• Seminal fluid, or semen: this secretion is produced by people with a penis and can be observed following penetrative sex. Nevertheless, it is possible to find it until the day after an intercourse. It can be difficult to differentiate between semen and mucus. One technique is the glass of water technique. This consists of taking the liquid and putting it in a glass of water: if the material remains in one piece, either by floating or by settling at the bottom of the glass, it is cervical mucus. If it dissolves, it is semen (or cyprine or even infertile white discharge). Only cervical mucus does not dissolve in water! Making this distinction is particularly important for women who want to get pregnant, as this is a time when it is essential to pay attention to your cervical mucus in order to calculate your ovulation and fertility period. However, it is also a time when the recurrence of intercourse is multiplied and it is difficult to differentiate sperm from cervical mucus.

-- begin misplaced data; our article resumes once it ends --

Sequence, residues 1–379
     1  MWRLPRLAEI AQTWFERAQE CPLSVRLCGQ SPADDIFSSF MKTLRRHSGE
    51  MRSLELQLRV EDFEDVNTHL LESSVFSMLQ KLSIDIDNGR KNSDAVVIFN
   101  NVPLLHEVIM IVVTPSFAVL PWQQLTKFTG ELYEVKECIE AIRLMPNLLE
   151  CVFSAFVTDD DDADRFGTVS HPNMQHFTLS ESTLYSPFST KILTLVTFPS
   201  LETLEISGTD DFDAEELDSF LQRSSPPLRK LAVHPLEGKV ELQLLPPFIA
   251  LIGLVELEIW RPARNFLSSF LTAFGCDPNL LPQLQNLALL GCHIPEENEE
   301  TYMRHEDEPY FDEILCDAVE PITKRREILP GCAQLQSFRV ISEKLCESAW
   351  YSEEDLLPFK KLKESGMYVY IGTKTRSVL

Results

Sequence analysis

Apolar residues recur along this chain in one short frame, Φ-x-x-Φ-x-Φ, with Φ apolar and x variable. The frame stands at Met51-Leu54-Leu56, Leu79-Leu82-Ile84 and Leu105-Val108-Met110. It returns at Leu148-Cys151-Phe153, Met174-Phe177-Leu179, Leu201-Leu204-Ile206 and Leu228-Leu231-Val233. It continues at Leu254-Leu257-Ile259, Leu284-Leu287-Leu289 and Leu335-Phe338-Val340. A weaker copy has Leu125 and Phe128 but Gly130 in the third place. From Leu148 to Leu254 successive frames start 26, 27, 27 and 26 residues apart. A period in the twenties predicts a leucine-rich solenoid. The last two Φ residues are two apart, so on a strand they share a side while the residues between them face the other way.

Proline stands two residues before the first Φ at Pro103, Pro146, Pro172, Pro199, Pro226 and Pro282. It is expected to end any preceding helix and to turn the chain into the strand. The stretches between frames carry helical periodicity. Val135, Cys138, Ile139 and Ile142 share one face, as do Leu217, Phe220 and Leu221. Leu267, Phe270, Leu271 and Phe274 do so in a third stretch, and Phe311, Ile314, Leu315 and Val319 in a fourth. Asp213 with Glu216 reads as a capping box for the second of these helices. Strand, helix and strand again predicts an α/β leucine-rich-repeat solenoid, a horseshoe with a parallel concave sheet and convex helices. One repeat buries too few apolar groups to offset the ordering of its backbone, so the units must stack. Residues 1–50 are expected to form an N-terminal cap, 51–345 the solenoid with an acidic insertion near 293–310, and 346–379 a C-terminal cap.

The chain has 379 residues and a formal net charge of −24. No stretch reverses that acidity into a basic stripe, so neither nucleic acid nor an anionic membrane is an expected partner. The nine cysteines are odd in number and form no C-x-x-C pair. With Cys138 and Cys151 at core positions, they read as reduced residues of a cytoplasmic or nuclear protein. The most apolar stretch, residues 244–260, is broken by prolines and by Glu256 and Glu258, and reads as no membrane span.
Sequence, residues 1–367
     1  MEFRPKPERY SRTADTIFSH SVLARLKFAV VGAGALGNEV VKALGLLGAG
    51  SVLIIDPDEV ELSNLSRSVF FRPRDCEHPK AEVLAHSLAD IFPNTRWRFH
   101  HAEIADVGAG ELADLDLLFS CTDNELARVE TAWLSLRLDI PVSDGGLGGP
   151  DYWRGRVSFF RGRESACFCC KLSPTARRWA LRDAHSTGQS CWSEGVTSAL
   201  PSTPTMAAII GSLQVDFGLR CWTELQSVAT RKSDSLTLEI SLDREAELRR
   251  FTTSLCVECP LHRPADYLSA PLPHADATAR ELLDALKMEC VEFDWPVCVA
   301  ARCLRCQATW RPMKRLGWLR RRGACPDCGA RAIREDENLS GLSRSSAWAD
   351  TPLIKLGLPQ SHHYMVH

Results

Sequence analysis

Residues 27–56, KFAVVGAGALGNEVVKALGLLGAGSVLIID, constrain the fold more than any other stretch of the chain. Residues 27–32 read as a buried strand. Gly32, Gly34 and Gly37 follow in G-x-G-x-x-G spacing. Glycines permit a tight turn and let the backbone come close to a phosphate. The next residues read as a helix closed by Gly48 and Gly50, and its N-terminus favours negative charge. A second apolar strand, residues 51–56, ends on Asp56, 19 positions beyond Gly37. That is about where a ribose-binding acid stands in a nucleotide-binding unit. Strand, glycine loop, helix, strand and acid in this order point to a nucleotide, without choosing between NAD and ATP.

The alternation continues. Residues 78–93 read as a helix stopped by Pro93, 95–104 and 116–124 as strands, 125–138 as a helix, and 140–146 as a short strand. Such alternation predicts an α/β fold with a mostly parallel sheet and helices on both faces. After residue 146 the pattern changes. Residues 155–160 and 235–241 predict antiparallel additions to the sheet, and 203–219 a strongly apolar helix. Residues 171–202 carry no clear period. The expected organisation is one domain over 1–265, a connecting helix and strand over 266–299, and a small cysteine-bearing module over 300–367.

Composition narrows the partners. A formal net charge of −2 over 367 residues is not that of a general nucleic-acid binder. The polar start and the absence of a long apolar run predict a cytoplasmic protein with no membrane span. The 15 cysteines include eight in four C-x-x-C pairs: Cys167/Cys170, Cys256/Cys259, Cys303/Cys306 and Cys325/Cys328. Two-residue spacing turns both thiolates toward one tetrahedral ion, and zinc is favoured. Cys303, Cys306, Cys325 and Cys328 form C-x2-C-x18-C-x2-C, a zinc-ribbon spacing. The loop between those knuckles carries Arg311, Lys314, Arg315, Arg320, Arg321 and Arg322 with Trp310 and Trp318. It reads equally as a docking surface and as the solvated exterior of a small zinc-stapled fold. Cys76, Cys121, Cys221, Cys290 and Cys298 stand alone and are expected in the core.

Odorous or unusually colored discharge, sign of an infection?

Finally, menstruating women may also notice at certain times an odorous or unusually colored discharge. In fact, all the secretions mentioned so far are normally transparent, white or even yellowish or slightly pink, and practically odorless. However, as soon as the secretion has a strong odor (often rotten fish) or an unusual color (especially green or gray), it is a sign of a fungus, vaginosis or other infection that needs to be treated. If this is the case for you, we recommend that you see a doctor. The same applies if the discharge is accompanied by itching, burning, pain or fever.

So that's it for the map of secretions that you can find in your panties. As you can see, the one that is most important to recognize is cervical mucus! Whether you are planning to have a baby or you want to manage your contraception naturally and avoid the fertile period, or just to reconnect with your cycle, it is our best integrated indicator!

I hope that this overview will have allowed you to make the distinction and you understood it, in case of doubt, we draw our glass of water!

Our menstrual panties are perfect for all the vaginal secretions that can occur during your cycles.

Author Laurène Sindicic is the founder of the Emancipées platform, which aims to give women the keys to understanding their bodies, deciphering their cycles and optimizing their fertility, with empowerment and without taboos! She accompanies women (and couples) in their baby project through a 3-month program called the Fertility Club. You can also find her on Instagram @Emancipees.